2016 Season Recap

Finishing at Ironman Arizona 2016

2016 was a great year for me in and out of triathlon, and I wanted to review the successes I had with racing this past year, and what I learned for the years to come. In a nutshell, here are some of the highlights:
Made it through another year, safe, healthy, and sober.

Finished within the top ten of my age group (35-39) in all six of my races this year.A

Broke 10 hours in an Ironman for the first time (Vineman).

Broke 9:30 in an Ironman for the first time (Arizona, four months after Vineman).

Achieved my first podium at a triathlon (2nd in age group at Pacific Coast Triathlon).

Achieved my first podium at an Ironman 70.3 event (5th in AG at Superfrog).

Just missed a Kona slot at Vineman (missed it by 2).

Ironman PR set this year (Arizona), an hour faster than the PR set in 2015 (Texas)
The most dramatic improvements for me came on the run. In 2015 I really struggled with running off the bike. I just wasn’t hitting my training paces. After making some adjustments to my training and preparation this year, I was able to not just run well off the bike, but far exceed my expectations, running a 3:37 at Vineman and a 3:20 at IM Arizona.
The adjustments I made that worked for me were as follows:
Decreased swim volume training – this served a few purposes. First, it was to make more time in my schedule. Second, from the standpoint of an adult onset swimmer, I tend to get fatigued by heavy swim volume, which of course causes my form to break down. I thought that by decreasing the volume and focusing on higher quality swim workouts I would a) maintain my form and energy, and b) give myself more capacity for bike and run training. It was tough for me to follow the counter intuitive approach of decreasing volume to improve, but it was effective, as I swam better this year than I did in years past, with a personal best IM swim of 1:03 at Vineman.

More bike trainer workouts, less outdoor and overall volume on the bike – A theme with my training this year was to become as efficient as possible in order to save time. More miles on the trainer meant that I could better control the quality of my bike workouts. I structured small periods of intensity into longer rides, as well as focused tempo and steady state sessions. Though my bike fitness didn’t seem to improve over the previous year, this approach did wonders for my run.

Made Easy VERY easy – I used to think that I was going easy in most of my workouts, until I started going really easy in 2016. I ran my aerobic runs at a heart rate about 10 bpm lower than what I had in 2015. This made a big difference to the freshness of my legs, and my ability to do harder workouts harder. For the first time ever, my Ironman marathon pace was much faster than my easy training pace.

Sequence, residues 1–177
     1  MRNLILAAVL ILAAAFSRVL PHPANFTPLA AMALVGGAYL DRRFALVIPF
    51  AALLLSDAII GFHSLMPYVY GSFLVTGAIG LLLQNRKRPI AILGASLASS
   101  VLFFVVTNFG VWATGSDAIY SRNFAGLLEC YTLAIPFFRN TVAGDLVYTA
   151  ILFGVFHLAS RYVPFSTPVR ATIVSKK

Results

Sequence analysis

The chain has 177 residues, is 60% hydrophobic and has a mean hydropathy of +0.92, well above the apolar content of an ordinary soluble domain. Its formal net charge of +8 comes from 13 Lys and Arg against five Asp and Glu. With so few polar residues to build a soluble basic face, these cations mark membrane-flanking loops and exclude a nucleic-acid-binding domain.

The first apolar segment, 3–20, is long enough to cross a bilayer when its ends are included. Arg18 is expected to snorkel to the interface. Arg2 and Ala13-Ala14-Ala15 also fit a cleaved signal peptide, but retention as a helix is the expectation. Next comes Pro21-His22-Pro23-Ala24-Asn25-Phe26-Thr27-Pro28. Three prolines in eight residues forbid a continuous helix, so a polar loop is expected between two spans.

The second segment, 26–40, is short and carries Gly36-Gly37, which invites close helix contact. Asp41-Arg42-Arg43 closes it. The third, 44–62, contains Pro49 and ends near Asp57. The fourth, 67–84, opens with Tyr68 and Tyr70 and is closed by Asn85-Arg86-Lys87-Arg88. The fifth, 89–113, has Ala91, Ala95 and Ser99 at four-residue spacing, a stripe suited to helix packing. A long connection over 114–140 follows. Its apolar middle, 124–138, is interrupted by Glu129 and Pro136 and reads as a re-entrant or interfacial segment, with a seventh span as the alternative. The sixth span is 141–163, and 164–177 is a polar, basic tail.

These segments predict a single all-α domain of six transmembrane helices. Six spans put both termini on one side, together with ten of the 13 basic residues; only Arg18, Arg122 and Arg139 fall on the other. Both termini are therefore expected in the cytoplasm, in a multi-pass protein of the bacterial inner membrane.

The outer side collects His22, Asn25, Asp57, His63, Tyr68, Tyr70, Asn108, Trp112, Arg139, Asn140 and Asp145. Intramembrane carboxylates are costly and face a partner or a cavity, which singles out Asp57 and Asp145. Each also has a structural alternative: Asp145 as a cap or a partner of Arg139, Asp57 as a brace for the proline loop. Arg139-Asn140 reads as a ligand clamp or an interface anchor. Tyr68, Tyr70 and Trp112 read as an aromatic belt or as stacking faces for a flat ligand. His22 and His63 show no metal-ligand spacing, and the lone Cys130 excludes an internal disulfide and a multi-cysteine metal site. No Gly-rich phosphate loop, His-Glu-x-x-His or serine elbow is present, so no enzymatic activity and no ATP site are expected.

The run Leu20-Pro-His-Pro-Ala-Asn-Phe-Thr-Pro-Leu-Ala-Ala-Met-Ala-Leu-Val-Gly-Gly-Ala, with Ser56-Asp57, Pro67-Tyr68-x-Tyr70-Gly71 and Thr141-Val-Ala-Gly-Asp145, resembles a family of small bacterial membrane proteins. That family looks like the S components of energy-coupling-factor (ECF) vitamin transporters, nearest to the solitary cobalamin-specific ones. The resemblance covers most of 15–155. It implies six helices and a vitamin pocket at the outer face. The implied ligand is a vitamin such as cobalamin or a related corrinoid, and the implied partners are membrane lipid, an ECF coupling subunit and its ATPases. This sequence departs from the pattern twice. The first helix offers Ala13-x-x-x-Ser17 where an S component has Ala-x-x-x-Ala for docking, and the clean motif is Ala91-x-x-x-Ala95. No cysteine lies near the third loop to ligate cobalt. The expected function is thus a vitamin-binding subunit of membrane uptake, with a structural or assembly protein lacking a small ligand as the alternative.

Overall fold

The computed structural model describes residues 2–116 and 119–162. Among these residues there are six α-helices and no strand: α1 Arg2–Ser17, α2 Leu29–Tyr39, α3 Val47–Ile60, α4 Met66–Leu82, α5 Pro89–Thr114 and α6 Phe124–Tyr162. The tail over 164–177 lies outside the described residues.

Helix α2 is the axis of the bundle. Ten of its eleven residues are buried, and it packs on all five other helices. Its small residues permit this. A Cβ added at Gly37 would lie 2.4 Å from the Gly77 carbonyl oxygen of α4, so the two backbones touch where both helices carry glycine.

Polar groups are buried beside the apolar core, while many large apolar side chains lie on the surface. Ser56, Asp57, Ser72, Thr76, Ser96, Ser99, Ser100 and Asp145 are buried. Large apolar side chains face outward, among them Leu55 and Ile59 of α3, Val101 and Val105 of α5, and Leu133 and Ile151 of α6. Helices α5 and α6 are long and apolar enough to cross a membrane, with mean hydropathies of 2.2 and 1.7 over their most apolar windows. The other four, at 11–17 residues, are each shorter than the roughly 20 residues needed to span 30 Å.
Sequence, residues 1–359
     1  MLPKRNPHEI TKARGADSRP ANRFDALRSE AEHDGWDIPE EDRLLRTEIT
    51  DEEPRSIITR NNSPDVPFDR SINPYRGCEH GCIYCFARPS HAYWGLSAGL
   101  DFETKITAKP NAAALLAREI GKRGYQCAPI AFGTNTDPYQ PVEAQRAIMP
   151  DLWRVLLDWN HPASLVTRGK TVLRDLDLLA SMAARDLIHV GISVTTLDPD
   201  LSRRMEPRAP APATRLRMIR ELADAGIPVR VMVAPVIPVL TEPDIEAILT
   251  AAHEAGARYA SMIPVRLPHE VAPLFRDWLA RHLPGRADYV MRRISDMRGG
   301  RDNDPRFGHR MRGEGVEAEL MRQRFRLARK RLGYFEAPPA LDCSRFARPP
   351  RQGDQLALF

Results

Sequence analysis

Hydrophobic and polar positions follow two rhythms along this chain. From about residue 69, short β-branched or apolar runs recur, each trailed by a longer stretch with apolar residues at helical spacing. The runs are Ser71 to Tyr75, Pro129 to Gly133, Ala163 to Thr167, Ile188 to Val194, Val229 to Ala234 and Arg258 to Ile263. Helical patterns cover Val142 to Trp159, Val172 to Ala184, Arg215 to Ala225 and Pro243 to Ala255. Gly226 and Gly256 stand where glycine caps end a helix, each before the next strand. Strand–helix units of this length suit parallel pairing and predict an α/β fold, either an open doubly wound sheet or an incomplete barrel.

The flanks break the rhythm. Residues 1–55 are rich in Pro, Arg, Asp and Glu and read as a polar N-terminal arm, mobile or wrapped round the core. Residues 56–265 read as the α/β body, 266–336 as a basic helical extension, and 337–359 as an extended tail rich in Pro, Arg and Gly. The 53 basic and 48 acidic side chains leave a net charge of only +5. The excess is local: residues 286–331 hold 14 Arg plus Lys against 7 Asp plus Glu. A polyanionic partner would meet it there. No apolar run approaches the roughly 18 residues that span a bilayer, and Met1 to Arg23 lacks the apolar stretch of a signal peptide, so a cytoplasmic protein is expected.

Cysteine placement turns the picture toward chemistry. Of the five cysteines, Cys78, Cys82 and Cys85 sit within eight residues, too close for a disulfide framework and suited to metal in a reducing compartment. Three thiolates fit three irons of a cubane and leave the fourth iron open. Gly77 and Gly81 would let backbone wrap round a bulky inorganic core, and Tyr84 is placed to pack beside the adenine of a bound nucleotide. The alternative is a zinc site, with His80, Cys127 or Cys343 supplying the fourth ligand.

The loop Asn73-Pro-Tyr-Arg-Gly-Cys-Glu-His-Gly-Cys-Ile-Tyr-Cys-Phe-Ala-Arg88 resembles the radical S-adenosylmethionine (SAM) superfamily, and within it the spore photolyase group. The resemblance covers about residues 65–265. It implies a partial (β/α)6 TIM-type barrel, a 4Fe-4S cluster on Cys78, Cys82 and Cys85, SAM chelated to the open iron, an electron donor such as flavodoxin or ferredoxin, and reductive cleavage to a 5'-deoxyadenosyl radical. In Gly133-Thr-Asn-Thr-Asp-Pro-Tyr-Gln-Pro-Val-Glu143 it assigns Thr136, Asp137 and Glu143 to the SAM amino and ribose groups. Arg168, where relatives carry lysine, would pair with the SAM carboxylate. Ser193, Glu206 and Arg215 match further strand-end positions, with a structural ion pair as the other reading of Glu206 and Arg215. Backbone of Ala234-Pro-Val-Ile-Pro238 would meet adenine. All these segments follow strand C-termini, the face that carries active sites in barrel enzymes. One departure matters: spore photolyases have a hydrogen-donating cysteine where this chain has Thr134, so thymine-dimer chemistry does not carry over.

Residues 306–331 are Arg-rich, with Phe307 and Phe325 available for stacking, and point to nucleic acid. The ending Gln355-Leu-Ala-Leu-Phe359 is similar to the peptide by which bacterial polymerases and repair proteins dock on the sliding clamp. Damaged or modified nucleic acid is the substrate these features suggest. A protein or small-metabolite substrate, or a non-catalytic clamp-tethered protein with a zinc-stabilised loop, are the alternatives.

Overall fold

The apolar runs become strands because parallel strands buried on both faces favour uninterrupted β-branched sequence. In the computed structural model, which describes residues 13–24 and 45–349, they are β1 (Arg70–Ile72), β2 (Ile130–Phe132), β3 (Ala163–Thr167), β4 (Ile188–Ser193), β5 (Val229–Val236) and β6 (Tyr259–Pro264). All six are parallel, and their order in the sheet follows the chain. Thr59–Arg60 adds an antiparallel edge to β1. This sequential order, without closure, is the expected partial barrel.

Made recovery a priority – As I’ve written about in previous blog posts (see “Two Secrets to a Huge PR“), I incorporated a number of recovery tools into my protocol. This included the Rapid Release Technology and the Normatec Recovery Boots. Both were effective, though I would give the edge to the RRT for more effective tension release. The Wim Hof method has been great for providing much needed energy before a workout. It’s almost a way of priming the lungs and saturating the muscles with oxygen, which allows them to operate more effectively. Of course sleep was a big part of my recovery, and I did all I could to get at least 8 hours a night.
For 2017 I plan to do double down on the things that worked for me. Recovery will continue to play a major role, and so will meditation (both in and out of workouts). I also plan to increase the contrast between easy and hard, making sure that easy is very easy. For my hard workouts, I plan to target higher watts during bike intervals, and higher paces during run intervals. My hope is that I can improve my bike split in 2017 and 2018 to bring me closer to the goal of a 9:00 Ironman.
I have three 70.3 races on the schedule for 2017, but it’s still up in the air as to whether I will do a full or not. I am choosing to focus on other things which will limit my capacity for full Ironman training. I will continue to work on ways to find the most efficient training methods so that I can improve as much as possible with as little time commitment as possible. My hope is that when I do once again sign up for a full Ironman, I can do so with the confidence that I can achieve my goal of qualifying for Kona, and even more lofty, breaking 9:00!
Happy training!
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